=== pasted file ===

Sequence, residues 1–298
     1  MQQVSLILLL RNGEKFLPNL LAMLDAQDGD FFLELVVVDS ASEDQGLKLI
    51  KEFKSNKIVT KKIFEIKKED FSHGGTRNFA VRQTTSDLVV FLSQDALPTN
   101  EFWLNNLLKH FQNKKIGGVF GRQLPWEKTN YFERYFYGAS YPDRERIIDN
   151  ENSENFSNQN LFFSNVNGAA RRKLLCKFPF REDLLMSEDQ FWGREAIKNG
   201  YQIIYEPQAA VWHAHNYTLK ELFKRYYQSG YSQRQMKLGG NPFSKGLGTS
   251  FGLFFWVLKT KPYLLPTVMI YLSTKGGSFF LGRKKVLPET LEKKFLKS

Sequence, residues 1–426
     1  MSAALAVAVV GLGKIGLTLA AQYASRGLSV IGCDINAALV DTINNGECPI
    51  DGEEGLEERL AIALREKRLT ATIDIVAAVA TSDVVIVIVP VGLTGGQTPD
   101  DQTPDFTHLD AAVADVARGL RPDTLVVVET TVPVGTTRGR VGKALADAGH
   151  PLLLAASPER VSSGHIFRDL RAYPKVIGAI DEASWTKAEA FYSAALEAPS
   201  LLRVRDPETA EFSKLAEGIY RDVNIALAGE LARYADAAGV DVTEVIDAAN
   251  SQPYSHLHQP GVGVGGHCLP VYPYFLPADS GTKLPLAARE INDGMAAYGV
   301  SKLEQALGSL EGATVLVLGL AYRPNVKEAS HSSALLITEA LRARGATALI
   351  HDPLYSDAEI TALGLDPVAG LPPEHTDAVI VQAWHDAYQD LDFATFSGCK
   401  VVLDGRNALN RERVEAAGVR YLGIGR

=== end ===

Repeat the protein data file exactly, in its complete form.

Sequence, residues 1–298
     1  MQQVSLILLL RNGEKFLPNL LAMLDAQDGD FFLELVVVDS ASEDQGLKLI
    51  KEFKSNKIVT KKIFEIKKED FSHGGTRNFA VRQTTSDLVV FLSQDALPTN
   101  EFWLNNLLKH FQNKKIGGVF GRQLPWEKTN YFERYFYGAS YPDRERIIDN
   151  ENSENFSNQN LFFSNVNGAA RRKLLCKFPF REDLLMSEDQ FWGREAIKNG
   201  YQIIYEPQAA VWHAHNYTLK ELFKRYYQSG YSQRQMKLGG NPFSKGLGTS
   251  FGLFFWVLKT KPYLLPTVMI YLSTKGGSFF LGRKKVLPET LEKKFLKS

Sequence, residues 1–426
     1  MSAALAVAVV GLGKIGLTLA AQYASRGLSV IGCDINAALV DTINNGECPI
    51  DGEEGLEERL AIALREKRLT ATIDIVAAVA TSDVVIVIVP VGLTGGQTPD
   101  DQTPDFTHLD AAVADVARGL RPDTLVVVET TVPVGTTRGR VGKALADAGH
   151  PLLLAASPER VSSGHIFRDL RAYPKVIGAI DEASWTKAEA FYSAALEAPS
   201  LLRVRDPETA EFSKLAEGIY RDVNIALAGE LARYADAAGV DVTEVIDAAN
   251  SQPYSHLHQP GVGVGGHCLP VYPYFLPADS GTKLPLAARE INDGMAAYGV
   301  SKLEQALGSL EGATVLVLGL AYRPNVKEAS HSSALLITEA LRARGATALI
   351  HDPLYSDAEI TALGLDPVAG LPPEHTDAVI VQAWHDAYQD LDFATFSGCK
   401  VVLDGRNALN RERVEAAGVR YLGIGR